source
version6
lds50peer_reviewed
links
openurl$$Topenurl_article
openurlfulltext$$Topenurlfull_article
search
creatorcontrib
0Takahashi, Emi
1Ohki, Kenichi
2Kim, Dae-Shik
titleDissociated Pathways for Successful Memory Retrieval from the Human Parietal Cortex: Anatomical and Functional Connectivity Analyses
descriptionThe parietal cortex has traditionally been implicated in spatial attention and eye-movement processes. Recent functional neuroimaging studies have found that activation in the parietal cortex is related to successful recognition memory. The activated regions consistently include the intraparietal sulcus in the lateral parietal cortex and the precuneus in the medial parietal cortex. However, little is known about the functional differences between lateral and medial parietal cortices in the memory retrieval process. In this study, we examined whether the human lateral and medial parietal lobes have differential anatomical and functional connectivity with the temporal lobe. To this end, we used functional magnetic resonance imaging to constrain the analysis of anatomical connectivity obtained by diffusion tensor imaging (DTI). Both DTI tractography and functional connectivity analysis showed that the lateral parietal region has anatomical and functional connections with the lateral temporal lobe, and the medial parietal region has connections with the medial temporal lobe. These results suggest the existence of segregated lateral and medial parieto-temporal pathways in successful memory retrieval.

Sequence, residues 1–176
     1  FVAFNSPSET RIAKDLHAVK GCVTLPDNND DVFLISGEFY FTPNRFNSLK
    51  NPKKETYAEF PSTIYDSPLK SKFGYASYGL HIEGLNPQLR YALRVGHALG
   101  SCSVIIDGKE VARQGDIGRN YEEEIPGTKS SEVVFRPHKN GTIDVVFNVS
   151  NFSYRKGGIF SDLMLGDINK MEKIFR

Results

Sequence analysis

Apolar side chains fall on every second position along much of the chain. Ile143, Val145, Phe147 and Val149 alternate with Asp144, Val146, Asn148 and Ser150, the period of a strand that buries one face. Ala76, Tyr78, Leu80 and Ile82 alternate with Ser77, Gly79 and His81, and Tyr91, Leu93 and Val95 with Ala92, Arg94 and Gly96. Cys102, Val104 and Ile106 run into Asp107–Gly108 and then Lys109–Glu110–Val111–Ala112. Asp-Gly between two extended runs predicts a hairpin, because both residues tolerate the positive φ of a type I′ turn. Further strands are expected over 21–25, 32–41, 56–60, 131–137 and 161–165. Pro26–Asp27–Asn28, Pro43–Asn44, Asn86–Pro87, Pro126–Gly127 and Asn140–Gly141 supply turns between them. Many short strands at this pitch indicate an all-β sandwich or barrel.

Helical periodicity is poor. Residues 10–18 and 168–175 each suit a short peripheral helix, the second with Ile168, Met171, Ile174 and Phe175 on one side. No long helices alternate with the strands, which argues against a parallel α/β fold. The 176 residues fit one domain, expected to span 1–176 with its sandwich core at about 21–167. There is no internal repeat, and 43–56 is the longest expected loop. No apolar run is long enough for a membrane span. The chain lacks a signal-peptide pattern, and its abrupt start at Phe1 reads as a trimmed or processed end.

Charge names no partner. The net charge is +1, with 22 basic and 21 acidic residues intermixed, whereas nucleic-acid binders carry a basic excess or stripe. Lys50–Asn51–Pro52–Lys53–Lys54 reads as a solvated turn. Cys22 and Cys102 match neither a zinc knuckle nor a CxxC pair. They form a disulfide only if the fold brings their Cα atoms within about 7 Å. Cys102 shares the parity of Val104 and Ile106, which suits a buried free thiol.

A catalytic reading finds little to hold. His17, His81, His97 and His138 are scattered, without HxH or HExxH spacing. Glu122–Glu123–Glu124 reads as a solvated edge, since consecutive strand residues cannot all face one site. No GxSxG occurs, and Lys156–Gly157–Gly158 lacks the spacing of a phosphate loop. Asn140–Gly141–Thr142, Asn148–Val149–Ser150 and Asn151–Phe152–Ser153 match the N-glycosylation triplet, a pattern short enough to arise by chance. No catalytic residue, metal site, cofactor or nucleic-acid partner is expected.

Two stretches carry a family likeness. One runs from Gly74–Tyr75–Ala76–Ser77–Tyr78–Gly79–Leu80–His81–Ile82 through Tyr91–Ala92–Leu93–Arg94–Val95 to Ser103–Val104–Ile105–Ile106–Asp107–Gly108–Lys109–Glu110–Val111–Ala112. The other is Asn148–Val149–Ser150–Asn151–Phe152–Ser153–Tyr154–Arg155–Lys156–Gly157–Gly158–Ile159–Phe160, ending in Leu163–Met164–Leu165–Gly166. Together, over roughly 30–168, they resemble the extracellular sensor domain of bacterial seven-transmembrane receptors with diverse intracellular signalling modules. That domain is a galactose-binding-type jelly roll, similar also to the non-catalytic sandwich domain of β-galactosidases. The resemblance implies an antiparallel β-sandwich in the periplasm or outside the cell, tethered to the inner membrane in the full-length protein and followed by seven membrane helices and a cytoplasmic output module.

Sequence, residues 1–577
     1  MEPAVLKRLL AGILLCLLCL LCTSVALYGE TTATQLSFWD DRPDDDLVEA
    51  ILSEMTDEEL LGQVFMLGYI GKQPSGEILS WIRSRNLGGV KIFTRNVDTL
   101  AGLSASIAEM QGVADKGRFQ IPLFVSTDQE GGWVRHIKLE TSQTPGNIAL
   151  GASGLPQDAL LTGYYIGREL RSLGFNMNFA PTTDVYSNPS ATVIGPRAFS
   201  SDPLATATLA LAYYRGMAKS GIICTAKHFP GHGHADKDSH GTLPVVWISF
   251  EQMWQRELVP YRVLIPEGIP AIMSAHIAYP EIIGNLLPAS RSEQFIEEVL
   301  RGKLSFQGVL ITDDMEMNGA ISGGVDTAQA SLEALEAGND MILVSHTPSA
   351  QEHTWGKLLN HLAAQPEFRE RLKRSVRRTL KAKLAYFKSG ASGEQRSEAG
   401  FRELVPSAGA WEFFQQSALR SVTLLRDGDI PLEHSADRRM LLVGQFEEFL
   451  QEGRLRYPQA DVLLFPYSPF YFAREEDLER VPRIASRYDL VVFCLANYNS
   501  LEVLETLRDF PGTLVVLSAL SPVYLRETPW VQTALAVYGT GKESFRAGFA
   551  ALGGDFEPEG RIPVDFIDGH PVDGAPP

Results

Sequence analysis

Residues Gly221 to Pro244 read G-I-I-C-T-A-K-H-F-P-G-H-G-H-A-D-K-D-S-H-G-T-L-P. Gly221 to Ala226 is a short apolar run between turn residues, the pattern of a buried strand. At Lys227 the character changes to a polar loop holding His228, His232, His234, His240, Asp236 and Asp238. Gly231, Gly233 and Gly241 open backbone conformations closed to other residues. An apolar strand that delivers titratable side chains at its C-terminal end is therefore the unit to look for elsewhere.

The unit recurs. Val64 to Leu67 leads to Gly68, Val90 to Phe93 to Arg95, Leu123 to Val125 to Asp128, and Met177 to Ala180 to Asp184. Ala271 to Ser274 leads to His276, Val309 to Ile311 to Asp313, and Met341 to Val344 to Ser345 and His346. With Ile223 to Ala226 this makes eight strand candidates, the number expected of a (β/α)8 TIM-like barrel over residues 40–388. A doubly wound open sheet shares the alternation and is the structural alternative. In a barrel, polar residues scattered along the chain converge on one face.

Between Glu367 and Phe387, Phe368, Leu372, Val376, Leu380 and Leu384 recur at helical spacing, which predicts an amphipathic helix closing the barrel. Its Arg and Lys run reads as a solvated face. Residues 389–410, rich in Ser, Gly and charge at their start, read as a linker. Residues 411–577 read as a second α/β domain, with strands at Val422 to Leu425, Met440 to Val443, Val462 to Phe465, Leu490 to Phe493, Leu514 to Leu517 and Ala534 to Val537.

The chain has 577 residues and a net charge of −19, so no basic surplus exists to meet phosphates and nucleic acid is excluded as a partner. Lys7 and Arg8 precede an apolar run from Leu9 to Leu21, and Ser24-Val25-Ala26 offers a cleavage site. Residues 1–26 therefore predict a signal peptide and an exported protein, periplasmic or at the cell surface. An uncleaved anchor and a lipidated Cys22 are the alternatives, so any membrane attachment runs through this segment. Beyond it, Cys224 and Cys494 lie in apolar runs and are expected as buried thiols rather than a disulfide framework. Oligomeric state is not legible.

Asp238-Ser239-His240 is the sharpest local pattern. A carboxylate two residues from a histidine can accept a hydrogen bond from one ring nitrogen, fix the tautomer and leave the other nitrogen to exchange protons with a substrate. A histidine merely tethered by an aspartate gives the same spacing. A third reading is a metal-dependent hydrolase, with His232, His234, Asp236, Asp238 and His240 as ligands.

subject
0diffusion tensor imaging
1functional connectivity
2long-term memory
3parietal cortex
4temporal lobe
general
010.1093/cercor/bhm204
1Oxford Journals
sourceidoxford
recordidoxford10.1093/cercor/bhm204
issn
01047-3211
110473211
21460-2199
314602199
rsrctypearticle
creationdate2007
addtitleCerebral Cortex
searchscopeoxford
scopeoxford
lsr4120071228
lsr30VSR-Enriched:[pqid]
sort
titleDissociated Pathways for Successful Memory Retrieval from the Human Parietal Cortex: Anatomical and Functional Connectivity Analyses
authorTakahashi, Emi ; Ohki, Kenichi ; Kim, Dae - Shik
creationdate200808
facets
frbrgroupid6201876958574779973
frbrtype5
creationdate2007
topic
0Diffusion Tensor Imaging
1Functional Connectivity
2Long - Term Memory
3Parietal Cortex
4Temporal Lobe
collectionOxford Journals (Oxford University Press)
prefilterarticles
rsrctypearticles
creatorcontrib
0Takahashi, Emi
1Ohki, Kenichi
2Kim, Dae - Shik
jtitleCerebral Cortex
toplevelpeer_reviewed
delivery
delcategoryRemote Search Resource
fulltextfulltext
addata
aulast
0Takahashi
1Ohki
2Kim
aufirst
0Emi
1Kenichi
2Dae-Shik
au
0Takahashi, Emi
1Ohki, Kenichi
2Kim, Dae-Shik
atitleDissociated Pathways for Successful Memory Retrieval from the Human Parietal Cortex: Anatomical and Functional Connectivity Analyses
jtitleCerebral Cortex
date
0200808
120071228
risdate200808
volume18
issue8
spage1771
epage1778
pages1771-1778
issn1047-3211
eissn1460-2199
formatjournal
genrearticle
ristypeJOUR
abstractThe parietal cortex has traditionally been implicated in spatial attention and eye-movement processes. Recent functional neuroimaging studies have found that activation in the parietal cortex is related to successful recognition memory. The activated regions consistently include the intraparietal sulcus in the lateral parietal cortex and the precuneus in the medial parietal cortex. However, little is known about the functional differences between lateral and medial parietal cortices in the memory retrieval process. In this study, we examined whether the human lateral and medial parietal lobes have differential anatomical and functional connectivity with the temporal lobe. To this end, we used functional magnetic resonance imaging to constrain the analysis of anatomical connectivity obtained by diffusion tensor imaging (DTI). Both DTI tractography and functional connectivity analysis showed that the lateral parietal region has anatomical and functional connections with the lateral temporal lobe, and the medial parietal region has connections with the medial temporal lobe. These results suggest the existence of segregated lateral and medial parieto-temporal pathways in successful memory retrieval.
pubOxford University Press
doi10.1093/cercor/bhm204